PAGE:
There is a number of reserved Supreme Court judgments, possibly occupying the judges over their summer vacation, with material interest for commercial and public lawyers. Unsurprisingly, many such final appeals seek to expand on settled legal comprehension. Given certainty’s value in law, such expansions should only be because the informing doctrines have themselves advanced, rather than they may operate harshly in the appellants’ individual circumstances. Similarly, statutory interpretation turns on identifying the will of Parliament, distinctly from regulators’ preferences for enforcement. Whether those concepts will be applied here awaits these judgments.
In Hotchin v The New Zealand Guardian Trust Company Limited (heard 26 March 2015), Mr Hotchin sought NZGT’s contribution to any liability he may have under compensation claims brought by the FMA against him as a director of the Hanover Group. Section 17(1)(c) of the Law Reform Act 1936 permits one tortfeasor to obtain a contribution to its liability from another “liable in respect of the same damage”.
The Court of Appeal upheld the High Court’s decision that s 17(1)(c) of the Law Reform Act 1936 required ‘co-ordinate liability’ between tortfeasors, if they were to be liable jointly to pay compensation for inflicting the same harm. The Court of Appeal held, under the statue or in equity, there must be “a common or shared obligation giving rise to common liabilities where the nature of the harm resulting is the same or indivisible” (). The nature and extent of Mr Hotchin’s prospective liability was different from that contended against NZGT.
On further appeal, Mr Hotchin argued, distinctly from the position in equity, the statute was silent as to the nature of ‘joint’- it was sufficient two (or more) people were liable in tort (although not necessarily the same tort), and for the same damage. Responding, NZGT contended ‘joint’ meant ‘symmetric’ or ‘common’, to justify liability for the same damage.
The Supreme Court’s judgment is likely to be informative of future conduct of multiparty litigation, and particularly in circumstances in which loss may be attributed to a range of prospective defendants. The plaintiff’s choice of claim(s) against particular defendant(s) does not prevent such defendants seeking contribution from others – even if, as here, those others are not original parties to the proceeding. A broader entitlement to contribution will complicate case management and trial, not least if the defendant’s claim for contribution may have a different legal foundation than that claimed against the defendant by the plaintiff. On the other hand, should other tortfeasors be enabled to avoid liability for the same damage as claimed against the defendant, simply because of the plaintiff’s choice of claim against particular defendants?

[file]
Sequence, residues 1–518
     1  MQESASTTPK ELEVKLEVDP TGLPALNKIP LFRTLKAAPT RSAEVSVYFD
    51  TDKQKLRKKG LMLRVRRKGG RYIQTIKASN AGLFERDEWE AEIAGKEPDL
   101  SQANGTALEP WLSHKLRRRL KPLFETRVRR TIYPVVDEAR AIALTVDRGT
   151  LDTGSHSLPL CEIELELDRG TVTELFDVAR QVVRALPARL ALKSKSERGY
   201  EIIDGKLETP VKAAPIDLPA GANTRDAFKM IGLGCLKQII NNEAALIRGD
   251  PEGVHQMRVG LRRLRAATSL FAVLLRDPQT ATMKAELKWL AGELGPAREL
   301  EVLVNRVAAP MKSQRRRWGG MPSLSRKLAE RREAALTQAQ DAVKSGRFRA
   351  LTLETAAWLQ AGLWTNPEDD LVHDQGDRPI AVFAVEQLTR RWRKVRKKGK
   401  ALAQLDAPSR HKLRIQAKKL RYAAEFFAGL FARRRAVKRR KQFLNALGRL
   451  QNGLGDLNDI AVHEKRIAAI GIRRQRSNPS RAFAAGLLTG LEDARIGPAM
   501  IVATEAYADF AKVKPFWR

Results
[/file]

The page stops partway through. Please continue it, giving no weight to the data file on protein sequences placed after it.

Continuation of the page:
- PS: NZSC judgment (15 March 2016) – majority requires same damage only; minority would also require common liability. See this blog’s case comment.
In Ririnui v Landcorp Farming Limited and The Attorney-General (heard 17-19 August 2015), the question was to what extent may the Courts’ judicial review jurisdiction be relied upon to set aside otherwise lawful contracts?
In its role as owner of Crown land, Landcorp has a protocol with the Office of Treaty Settlements by which to understand what land in its possession the Crown may wish to rely for Treaty settlement purposes. Landcorp sold a farm by public tender after receiving advice from OTS the land was not required for Treaty settlement purposes. OTS wrongly assumed all Treaty claims to the farm had been settled, whereas Ngāti Whakahemo’s remained outstanding. Ngāti Whakahemo’s chair, Mr Ririnui, issued judicial review proceedings to set the sale aside. The High Court granted relief.
The Court of Appeal held OTS’s advice was not reviewable, being indeterminative of Landcorp’s functions, not adversely affecting Ngāti Whakahemo’s rights, and amounting to a policy or political decision. No relief against OTS could redress the sale. Further, the SOE Act prevented Landcorp’s shareholding Ministers from intervening to prevent the sale (as Ngāti Whakahemo had sought they do), and – even if they could, by application of company law principles as between shareholders and their company – not to such an extent as would cause Landcorp to breach its obligations to the farm’s purchaser. And Landcorp’s alleged bad faith in dealings with Ngāti Whakahemo was not material in its decision to sell the farm.